Aid finally arrives in besieged Syrian town

Trucks carrying food and medicine have entered a besieged Syrian town near the Lebanese border as part of a large-scale UN-supported aid operation in the country.

An Associated Press team saw three trucks enter Madaya, where a group of residents had gathered, hoping to receive desperately needed assistance.

The town, about 24km north-west of Damascus, has been blockaded for months by government troops and the Lebanese militant group Hezbollah.

Opposition activists and aid groups have reported several deaths from starvation in recent weeks.

Simultaneously, trucks began entering the Shi’ite villages of Foua and Kfarya in northern Syria, both under siege by rebels seeking to oust President Bashar al-Assad.

The UN-supported aid operation was agreed on last week.

Red Cross spokesman Pawel Krzysiek wrote on his Twitter account that the first trucks entered Madaya, Foua and Kfarya, and said offloading of aid was expected to last throughout the night.

The situation in Madaya is the latest example of both sides using hunger as a weapon in Syria’s war, now entering its fifth year.

The town has attracted particular attention in recent days because of reports of deaths and images of severely malnourished residents that have circulated across social media.

The images prompted a media war two weeks ahead of a new round of peace talks between the government and opposition expected to take place in Geneva.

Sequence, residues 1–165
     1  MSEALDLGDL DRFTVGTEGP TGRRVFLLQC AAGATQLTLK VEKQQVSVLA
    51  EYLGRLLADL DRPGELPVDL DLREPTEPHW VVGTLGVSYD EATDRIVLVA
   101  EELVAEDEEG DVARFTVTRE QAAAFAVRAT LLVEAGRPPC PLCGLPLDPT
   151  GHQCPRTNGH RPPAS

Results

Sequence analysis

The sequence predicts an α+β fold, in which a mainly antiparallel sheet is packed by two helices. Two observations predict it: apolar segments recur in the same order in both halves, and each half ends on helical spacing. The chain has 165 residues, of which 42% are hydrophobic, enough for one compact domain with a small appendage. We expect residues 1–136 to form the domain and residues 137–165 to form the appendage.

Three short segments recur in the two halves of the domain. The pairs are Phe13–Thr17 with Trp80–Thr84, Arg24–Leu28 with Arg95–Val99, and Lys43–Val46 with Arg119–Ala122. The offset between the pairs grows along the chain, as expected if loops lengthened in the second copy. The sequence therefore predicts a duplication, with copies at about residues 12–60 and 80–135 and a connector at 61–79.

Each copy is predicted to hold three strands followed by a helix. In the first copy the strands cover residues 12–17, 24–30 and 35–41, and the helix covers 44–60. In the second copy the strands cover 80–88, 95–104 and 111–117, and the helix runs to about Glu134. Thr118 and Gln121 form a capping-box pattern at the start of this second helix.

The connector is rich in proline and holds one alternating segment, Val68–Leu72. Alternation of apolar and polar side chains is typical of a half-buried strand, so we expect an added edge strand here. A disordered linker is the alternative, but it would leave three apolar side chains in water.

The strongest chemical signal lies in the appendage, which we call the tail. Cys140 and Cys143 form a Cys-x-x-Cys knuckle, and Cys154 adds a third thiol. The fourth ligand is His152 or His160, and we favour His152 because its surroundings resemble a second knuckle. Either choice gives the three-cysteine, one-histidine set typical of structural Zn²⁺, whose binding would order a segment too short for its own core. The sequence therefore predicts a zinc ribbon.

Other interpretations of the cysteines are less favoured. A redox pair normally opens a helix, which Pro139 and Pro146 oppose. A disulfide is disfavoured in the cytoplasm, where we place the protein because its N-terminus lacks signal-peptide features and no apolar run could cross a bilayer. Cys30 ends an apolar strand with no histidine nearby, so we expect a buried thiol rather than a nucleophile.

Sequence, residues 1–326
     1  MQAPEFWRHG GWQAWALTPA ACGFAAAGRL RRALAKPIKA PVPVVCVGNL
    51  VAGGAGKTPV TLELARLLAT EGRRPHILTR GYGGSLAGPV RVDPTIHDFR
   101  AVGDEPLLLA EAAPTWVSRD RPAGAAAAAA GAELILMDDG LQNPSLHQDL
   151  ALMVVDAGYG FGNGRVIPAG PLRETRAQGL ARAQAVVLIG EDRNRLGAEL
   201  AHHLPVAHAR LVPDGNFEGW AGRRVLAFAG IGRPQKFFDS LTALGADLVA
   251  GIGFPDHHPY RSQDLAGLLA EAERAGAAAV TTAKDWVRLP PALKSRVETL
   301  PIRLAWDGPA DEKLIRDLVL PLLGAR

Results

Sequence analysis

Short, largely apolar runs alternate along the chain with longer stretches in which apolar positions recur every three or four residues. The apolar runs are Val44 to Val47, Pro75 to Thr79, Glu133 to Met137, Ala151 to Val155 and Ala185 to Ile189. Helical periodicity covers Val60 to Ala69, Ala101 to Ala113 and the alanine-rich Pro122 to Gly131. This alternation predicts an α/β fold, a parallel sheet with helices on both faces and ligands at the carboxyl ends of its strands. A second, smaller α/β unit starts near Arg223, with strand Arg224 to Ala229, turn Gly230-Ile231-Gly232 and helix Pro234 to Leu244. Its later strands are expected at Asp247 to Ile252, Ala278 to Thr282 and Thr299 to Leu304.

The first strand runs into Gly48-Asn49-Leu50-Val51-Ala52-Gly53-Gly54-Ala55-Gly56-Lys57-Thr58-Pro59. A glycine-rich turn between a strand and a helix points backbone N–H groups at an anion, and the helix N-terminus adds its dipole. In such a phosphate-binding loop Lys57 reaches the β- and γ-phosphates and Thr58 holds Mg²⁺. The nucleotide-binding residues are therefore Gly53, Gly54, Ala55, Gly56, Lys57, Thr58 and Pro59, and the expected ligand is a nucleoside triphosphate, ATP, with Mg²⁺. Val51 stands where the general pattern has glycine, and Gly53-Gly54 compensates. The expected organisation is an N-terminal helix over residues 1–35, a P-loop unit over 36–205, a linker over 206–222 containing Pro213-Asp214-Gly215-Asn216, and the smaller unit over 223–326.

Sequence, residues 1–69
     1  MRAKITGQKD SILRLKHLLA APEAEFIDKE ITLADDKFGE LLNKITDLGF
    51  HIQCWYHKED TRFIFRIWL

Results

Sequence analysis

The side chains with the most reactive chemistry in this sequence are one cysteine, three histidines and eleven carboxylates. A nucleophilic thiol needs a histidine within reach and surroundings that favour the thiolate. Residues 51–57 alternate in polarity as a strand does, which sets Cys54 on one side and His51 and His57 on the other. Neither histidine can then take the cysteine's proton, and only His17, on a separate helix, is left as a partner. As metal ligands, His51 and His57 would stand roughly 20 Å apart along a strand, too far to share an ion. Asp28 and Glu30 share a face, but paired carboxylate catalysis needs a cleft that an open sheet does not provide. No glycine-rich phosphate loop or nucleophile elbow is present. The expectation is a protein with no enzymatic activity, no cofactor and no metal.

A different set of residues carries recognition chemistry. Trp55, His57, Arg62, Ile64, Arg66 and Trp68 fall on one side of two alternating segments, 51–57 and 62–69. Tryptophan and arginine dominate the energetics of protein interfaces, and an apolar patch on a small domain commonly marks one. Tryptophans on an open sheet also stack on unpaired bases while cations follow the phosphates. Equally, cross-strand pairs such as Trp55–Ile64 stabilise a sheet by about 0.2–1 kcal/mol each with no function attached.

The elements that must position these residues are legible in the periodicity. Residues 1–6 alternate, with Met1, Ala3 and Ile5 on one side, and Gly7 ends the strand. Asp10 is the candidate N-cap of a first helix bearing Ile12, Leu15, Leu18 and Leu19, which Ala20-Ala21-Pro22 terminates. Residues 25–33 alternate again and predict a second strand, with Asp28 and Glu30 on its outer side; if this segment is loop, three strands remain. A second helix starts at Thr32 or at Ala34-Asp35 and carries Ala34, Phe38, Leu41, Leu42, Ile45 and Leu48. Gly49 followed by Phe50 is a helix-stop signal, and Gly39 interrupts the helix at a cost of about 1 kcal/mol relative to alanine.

Some government supporters have used social media to mock the photos, saying they were fake, while others claimed it was the rebels who were withholding food from needy residents.

The aid group Doctors Without Borders says 23 patients have died of starvation at a health centre it supports in Madaya since December 1 — including six infants under one-year-old and five adults over the age of 60.

Yacoub El Hillo, the UN’s resident and humanitarian co-ordinator in Syria, said almost 42,000 people in Madaya are at risk of further hunger and starvation.

In Madaya, Hezbollah’s Al-Manar television channel showed a group of people waiting for the convoys at the town’s main entrance.

In interviews, they accused fighters inside of hoarding humanitarian assistance that entered the town in October.


Lifestyle

Four graduates tell Siobhan Howe how their fine art degree has influenced their approach to their working life.What use is a degree in fine art? Four graduates answer the question

Terry Gilliam tells Esther McCarthy about the mystery woman who helped him to finally get his Don Quixote film made after 30 yearsTerry Gilliam: Back in the saddle again

Twitch will no longer be the home of esports for Call of Duty, Overwatch and Hearthstone, with those games (and more) going to YouTube instead.Violence in the stream: Big changes for esports

That may say more about how the media treats flaws and beauty than it says about Alicia Keys herself, but nevertheless, it was refreshing at the time to see someone say no to the Hollywood expectations of beauty.The Skin Nerd: Unlocking Alicia Keys’ secrets to gorgeous skin

More From The Irish Examiner